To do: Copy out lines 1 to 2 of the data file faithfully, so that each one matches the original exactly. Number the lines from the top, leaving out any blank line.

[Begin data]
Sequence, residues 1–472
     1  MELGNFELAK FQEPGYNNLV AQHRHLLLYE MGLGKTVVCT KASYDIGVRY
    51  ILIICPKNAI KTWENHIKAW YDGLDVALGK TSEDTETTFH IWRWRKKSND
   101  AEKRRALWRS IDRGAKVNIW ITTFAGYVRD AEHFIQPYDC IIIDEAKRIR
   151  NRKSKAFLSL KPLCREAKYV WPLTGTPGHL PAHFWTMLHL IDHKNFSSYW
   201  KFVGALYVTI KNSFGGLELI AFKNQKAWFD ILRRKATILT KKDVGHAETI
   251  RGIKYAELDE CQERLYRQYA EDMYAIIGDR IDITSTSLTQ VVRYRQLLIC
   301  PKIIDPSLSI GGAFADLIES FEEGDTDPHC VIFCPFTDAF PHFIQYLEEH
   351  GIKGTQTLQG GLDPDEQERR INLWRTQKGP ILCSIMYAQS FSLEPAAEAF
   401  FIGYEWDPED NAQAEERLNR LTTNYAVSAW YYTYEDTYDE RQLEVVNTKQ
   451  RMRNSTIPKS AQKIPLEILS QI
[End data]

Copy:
Sequence, residues 1–472
     1  MELGNFELAK FQEPGYNNLV AQHRHLLLYE MGLGKTVVCT KASYDIGVRY